Budget brings a little help to private practitioners

Key changes outlined in Chancellor Jeremy Hunt’s Spring Budget will bring some business help to doctors in private practice, accountants say.

Most – but not all doctors – can look forward to a further 2% reduction in National Insurance contributions from 6 April 2024. 

This follows a 2% cut announced at the end of last year and took effect from 6 January 2024. 

But for those whose primary source of income is from employments, from 6 April 2024 the main rate of employee National Insurance Contributions will be 8%. 

For those whose primary source of income is from self-employed income, from 6 April the main rate of Class 4 National Insurance Contributions will be 6%.

Alec James

Independent Practitioner Today columnist Alec James, a specialist medical accountant with Sandison Easson, said: ‘For most higher-rate taxpayers, this will result in an extra £1,300 in your take-home pay for 2024-25 compared to 2023-24. 


For those who have income which is considered a taxable supply for VAT purposes – such as independent practitioners doing medico-legal work – the registration threshold for the tax has been increased from £85,000 to £90,000. 

The deregistration threshold has also gone up to £88,000. These increases take place from 1 April 2024.


The sale of a residential property that is not your main place of residence is subject to capital gains yax (CGT). In the Budget, it was announced that higher rate CGT on these gains will be reduced from 28% to 24% from 6 April 2024. The other CGT rates remain unchanged.

Mr James said: ‘The Chancellor has abolished the reliefs and preferential treatment relating to furnished holiday lets with effect from April 2025 and multiple dwelling relief for Stamp Duty Land Tax (SDLT) will be abolished from 1 June 2024, although, the relief may still be available for contracts exchanged before 6 March 2024.’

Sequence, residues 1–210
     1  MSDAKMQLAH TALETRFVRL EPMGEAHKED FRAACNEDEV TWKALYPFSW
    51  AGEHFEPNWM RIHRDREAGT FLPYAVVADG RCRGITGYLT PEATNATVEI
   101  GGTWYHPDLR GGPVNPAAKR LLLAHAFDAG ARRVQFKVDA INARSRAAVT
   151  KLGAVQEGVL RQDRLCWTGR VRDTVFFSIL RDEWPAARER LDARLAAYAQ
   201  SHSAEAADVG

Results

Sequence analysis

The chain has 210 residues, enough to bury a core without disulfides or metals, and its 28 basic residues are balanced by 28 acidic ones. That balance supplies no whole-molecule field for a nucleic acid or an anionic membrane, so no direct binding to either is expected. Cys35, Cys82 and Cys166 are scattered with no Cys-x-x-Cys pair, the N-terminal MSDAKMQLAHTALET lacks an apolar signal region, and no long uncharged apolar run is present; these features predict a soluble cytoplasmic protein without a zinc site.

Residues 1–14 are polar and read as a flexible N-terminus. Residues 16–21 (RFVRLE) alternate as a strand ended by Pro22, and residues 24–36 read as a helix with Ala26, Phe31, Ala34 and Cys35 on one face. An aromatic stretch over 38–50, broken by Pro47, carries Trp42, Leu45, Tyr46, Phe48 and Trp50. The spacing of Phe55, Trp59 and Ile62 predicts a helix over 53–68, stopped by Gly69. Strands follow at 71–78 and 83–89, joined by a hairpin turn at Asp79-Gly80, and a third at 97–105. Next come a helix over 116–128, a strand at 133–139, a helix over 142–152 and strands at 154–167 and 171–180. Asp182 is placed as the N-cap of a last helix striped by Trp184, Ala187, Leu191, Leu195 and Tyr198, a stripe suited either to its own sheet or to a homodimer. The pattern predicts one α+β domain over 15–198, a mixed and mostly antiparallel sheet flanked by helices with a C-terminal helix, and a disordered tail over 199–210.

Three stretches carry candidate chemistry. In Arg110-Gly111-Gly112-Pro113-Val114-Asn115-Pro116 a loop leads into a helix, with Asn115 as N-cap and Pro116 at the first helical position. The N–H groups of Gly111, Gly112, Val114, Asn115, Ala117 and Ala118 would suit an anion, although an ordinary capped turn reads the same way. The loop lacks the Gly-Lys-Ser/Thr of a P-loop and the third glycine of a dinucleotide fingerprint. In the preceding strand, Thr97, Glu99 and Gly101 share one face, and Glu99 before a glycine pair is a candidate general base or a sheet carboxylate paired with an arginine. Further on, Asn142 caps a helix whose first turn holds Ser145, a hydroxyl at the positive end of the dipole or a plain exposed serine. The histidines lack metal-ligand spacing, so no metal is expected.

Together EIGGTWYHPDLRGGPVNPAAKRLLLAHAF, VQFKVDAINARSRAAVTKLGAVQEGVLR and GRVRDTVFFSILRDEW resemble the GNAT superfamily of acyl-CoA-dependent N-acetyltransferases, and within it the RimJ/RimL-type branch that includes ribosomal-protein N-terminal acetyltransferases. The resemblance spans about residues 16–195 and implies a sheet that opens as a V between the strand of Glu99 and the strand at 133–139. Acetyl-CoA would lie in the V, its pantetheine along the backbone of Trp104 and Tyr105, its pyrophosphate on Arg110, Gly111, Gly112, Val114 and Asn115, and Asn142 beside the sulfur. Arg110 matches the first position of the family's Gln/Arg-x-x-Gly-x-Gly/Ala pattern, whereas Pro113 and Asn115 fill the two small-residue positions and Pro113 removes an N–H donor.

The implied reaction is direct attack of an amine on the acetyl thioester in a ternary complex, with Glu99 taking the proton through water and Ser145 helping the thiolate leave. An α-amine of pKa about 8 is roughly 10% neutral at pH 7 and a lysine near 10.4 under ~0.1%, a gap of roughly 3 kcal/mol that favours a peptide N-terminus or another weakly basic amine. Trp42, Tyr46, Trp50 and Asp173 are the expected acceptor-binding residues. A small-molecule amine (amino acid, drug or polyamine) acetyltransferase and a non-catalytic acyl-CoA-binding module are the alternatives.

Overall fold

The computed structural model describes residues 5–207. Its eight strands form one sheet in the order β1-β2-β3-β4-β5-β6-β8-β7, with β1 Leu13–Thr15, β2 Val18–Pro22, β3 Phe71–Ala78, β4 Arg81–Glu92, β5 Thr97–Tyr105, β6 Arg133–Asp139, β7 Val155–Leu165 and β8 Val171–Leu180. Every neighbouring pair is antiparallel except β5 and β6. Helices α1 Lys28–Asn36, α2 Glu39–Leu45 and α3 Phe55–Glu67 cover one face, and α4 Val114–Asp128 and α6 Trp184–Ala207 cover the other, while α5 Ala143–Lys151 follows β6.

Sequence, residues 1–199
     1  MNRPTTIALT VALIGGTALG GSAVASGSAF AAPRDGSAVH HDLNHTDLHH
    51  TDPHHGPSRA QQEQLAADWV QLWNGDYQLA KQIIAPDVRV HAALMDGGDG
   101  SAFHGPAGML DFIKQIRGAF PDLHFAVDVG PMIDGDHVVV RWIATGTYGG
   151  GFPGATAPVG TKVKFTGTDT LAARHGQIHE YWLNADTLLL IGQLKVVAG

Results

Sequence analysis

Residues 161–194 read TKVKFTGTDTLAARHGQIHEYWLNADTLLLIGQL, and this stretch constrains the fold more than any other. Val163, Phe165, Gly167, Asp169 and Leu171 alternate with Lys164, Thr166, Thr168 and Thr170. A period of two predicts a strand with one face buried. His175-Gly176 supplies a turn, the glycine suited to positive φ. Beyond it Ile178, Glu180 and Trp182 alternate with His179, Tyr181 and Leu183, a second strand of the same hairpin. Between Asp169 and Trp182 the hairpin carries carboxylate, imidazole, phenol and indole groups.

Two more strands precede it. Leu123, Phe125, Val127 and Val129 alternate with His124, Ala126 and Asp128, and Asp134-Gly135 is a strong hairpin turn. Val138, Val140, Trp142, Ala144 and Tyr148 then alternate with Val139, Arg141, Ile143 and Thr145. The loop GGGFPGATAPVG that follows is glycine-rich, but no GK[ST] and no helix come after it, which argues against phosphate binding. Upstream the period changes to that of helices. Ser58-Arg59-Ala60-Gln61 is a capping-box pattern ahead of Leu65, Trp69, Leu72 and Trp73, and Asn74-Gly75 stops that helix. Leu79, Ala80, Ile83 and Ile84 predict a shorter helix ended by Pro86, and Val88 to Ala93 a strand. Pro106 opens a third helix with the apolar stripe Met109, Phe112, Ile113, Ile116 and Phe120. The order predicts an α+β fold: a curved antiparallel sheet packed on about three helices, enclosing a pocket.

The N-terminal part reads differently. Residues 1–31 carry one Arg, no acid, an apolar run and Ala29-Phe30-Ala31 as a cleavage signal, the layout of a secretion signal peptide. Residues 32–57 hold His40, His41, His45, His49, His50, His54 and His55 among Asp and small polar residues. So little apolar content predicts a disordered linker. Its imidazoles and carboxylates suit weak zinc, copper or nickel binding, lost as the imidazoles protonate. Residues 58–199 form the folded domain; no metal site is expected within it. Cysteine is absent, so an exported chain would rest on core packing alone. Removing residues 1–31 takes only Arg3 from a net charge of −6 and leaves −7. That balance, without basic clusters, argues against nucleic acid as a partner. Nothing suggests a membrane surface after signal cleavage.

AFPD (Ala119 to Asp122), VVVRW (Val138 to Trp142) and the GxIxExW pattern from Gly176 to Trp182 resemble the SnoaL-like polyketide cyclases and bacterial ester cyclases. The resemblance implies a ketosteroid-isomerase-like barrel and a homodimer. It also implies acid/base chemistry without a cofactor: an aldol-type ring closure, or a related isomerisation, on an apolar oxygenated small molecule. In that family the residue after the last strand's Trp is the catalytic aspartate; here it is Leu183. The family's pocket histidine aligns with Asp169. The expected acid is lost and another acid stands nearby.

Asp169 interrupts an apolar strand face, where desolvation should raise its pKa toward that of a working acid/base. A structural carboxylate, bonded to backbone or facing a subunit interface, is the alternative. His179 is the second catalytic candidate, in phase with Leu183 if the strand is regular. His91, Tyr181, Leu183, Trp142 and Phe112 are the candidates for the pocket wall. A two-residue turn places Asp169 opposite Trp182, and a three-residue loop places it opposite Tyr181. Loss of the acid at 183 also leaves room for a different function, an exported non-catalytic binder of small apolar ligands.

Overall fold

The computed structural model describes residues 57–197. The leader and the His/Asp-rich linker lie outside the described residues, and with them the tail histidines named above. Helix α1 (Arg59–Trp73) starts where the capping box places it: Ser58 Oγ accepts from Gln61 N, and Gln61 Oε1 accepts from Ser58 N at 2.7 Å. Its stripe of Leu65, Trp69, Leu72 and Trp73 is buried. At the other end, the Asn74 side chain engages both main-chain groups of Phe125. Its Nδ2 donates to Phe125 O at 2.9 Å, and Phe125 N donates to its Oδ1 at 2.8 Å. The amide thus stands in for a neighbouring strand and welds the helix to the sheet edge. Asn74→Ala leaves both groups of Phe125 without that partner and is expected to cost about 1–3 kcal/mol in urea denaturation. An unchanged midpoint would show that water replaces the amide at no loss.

Child Benefit

While not applicable to most senior doctors, for those who are part-time or are registrars with children, the High Income Child Benefit Charge (HICBC) threshold has been increased. 

Mr James commented: ‘Previously, those whose “adjusted income” was in excess of £50,000 and either cohabiting parent was claiming Child Benefit, the higher earner was subject to HICBC. 

‘This results in the individual paying a proportion of the claimed benefits back. 

‘Those whose threshold income was £60,000 or more were fully tapered, resulting in all child benefits claimed in the tax year being repayable to HM Revenue and Customs (HMRC). Thresholds will be increased from 6 April 2024 to £60,000 to £80,000, meaning many more taxpayers will be eligible to retain the benefit.’ 

Details are due on a reform of the Non-Domicile rules from April 2025, which HMRC has described as a ‘modernised regime that is simpler and fairer’.


Alec Collie, head of medical at Wesleyan Financial Services, said: ‘No news is relatively good news. Doctors will be glad that this Budget didn’t bring any bombshell reversals of pension or savings policy or heap new complexity on what are already very complex regimes. 

‘For consultants, this will build on the optimism that many may be feeling following the newly announced pay deal. 

‘Many doctors will still be wary, however, that – in an election year – issues like NHS pensions and workforce support will become increasingly used as political footballs.

‘To support our medical workforce, and help them plan with confidence, we need policy that’s consistent, built on consensus and designed with a long-term view in mind.’


The Social Market Foundation’s think-tank senior researcher Gideon Salutin commented that the fuel duty freeze would save the richest tenth of households in the UK an extra £60 a year.

‘The rhetoric around fuel duty focuses on the “families and sole traders” it supposedly protects from poverty. But after spending £130bn on cuts and freezes over the past 13 years, the policy has only decreased the average household’s motoring costs by £13 a month,’ he said. 

Achieving a more meaningful reduction in transport expenses required the Government to invest in cheaper, greener alternatives like public transport and electric vehicles, but the Budget did little to enhance those options for low-income households.